There are a few adjustments that everyone should be making to their food safety plans around training documents, signing off on records and correcting problems. Although the Food and Drug Administration has put off inspections until 2019, the Leafy Greens Marketing Agreement has aligned their audit with the Produce Safety Rule and will start using the new audit April 1.

Even if you do not grow leafy greens, the Leafy Greens Marketing Agreement metrics and audit checklist could be a good resource for your operation.

It seems as if Mother Nature waited to start winter until just a few weeks ago; and we've received some much-needed rain. There are still a few weeks until harvest season gets up and going, and people are anxious to come back to work. We hope that harvest crews will be full this season so that we are able to get our products out of the ground and to market.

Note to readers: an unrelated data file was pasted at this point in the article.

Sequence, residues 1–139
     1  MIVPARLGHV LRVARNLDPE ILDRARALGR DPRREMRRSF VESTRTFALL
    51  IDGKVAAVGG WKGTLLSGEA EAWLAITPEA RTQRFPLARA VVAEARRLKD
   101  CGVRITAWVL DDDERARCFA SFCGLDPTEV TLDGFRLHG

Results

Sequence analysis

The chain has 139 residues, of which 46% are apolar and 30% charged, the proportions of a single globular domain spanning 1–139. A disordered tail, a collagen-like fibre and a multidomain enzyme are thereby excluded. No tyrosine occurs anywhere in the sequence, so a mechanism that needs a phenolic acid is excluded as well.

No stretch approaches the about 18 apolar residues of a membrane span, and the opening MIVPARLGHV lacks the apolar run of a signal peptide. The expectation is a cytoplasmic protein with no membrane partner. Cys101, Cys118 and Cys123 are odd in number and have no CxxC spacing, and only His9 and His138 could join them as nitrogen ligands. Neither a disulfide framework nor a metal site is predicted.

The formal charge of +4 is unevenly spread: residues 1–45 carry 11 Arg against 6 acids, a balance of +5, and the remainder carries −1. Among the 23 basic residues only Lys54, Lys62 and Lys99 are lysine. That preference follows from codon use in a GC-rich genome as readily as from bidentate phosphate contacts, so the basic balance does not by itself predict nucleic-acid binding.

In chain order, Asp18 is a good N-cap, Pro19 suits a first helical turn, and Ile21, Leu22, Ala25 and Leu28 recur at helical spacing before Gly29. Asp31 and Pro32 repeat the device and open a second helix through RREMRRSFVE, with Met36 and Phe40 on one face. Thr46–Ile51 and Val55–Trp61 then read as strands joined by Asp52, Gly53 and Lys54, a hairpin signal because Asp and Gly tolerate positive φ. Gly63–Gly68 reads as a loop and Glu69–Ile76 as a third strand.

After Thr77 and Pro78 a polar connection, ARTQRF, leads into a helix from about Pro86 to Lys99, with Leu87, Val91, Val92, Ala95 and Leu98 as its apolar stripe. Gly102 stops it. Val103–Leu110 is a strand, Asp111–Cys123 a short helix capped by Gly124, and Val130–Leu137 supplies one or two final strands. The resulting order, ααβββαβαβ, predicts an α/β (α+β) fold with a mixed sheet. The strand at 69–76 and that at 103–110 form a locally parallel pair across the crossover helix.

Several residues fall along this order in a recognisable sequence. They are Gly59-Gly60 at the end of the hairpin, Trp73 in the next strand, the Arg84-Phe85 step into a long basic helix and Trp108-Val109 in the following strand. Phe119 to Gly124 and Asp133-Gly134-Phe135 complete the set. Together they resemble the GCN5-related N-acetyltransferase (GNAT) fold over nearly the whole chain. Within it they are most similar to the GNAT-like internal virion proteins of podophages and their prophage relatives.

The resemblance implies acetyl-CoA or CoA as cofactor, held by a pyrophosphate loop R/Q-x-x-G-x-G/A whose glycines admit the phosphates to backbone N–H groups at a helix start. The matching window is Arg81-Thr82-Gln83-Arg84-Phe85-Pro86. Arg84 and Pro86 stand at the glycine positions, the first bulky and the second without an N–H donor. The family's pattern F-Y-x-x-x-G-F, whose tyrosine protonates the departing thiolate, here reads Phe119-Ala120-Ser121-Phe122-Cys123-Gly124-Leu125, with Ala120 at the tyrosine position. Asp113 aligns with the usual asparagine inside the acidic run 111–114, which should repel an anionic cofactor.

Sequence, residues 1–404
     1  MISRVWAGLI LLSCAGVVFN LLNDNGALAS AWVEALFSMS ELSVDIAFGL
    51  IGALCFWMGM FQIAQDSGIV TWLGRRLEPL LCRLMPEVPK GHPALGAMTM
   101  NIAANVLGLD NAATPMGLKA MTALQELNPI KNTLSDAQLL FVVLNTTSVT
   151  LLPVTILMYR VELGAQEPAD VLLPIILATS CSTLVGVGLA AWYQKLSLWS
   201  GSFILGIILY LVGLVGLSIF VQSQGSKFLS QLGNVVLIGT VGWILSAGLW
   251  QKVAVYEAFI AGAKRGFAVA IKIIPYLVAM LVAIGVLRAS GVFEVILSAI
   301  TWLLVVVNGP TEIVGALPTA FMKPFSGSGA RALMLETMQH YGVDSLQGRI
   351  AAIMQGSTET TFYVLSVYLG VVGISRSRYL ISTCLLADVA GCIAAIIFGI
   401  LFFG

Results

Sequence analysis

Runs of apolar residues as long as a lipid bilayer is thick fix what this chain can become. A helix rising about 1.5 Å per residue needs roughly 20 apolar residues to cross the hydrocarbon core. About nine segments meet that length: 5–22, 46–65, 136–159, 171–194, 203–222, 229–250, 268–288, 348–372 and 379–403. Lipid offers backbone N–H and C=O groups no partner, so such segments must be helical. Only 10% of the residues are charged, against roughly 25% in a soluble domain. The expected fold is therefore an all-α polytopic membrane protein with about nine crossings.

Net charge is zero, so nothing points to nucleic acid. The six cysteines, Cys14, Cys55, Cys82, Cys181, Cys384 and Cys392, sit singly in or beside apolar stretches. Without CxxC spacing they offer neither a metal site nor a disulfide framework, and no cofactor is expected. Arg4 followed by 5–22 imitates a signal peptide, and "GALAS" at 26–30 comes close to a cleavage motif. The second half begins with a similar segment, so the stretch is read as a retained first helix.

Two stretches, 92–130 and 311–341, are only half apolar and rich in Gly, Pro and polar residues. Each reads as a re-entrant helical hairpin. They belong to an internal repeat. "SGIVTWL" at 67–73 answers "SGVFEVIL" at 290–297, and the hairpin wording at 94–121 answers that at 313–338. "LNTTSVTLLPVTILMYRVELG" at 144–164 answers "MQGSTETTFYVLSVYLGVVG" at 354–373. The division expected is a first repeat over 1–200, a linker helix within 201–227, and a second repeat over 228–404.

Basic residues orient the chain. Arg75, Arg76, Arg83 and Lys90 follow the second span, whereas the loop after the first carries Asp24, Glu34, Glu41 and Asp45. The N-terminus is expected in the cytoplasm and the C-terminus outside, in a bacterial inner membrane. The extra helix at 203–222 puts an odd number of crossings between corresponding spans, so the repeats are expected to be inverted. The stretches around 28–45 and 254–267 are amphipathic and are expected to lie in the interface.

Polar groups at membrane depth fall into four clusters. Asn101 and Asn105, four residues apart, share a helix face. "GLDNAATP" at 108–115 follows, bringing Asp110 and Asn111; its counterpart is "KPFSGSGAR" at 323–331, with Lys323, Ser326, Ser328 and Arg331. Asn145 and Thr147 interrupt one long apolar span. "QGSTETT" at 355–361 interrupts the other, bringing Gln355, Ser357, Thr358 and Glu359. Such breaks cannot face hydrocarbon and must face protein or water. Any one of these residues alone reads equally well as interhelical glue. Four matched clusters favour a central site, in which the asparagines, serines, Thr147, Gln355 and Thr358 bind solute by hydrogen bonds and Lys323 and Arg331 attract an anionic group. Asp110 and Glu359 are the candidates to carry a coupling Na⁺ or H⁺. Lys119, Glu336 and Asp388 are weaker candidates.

By Joe Zanger, San Benito County diversified grower

This year has started out interesting. We had a beautiful, late, spring-like, warm and dry February and got a lot of work done in the vineyard. Then outdoor work came to a stop with a cold and wet March.

But this is not unusual. Having a wet March is fairly common and we in San Benito County remember well the Miracle March when we got a much-needed deluge some 20 years ago. It was a gully washer, more brown water flowing from eroded creek banks than what us ground disturbers could ever generate in 100 years. Not sure on the math, but the point is clear.

I woke up to a frost this morning, and I'm sure the apricot growers are worried. Smudge pots burning in March used to be a common occurrence here in Hollister in the 1950s and '60s, resulting in healthy, young fruit and a black sky. We saved the apricot crop many times in those days, but that practice is long gone.

The cherries are a late-blooming fruit tree here, and too often during the bloom, bees are not getting on with their work when it's raining or cold in March. Our cherry and apricot growers are not sure how this all turns out.

But March weather is not as big a factor for winegrapes and walnuts, so I'm looking forward to another year of great, red winegrapes and bright, white Chandler walnut meats.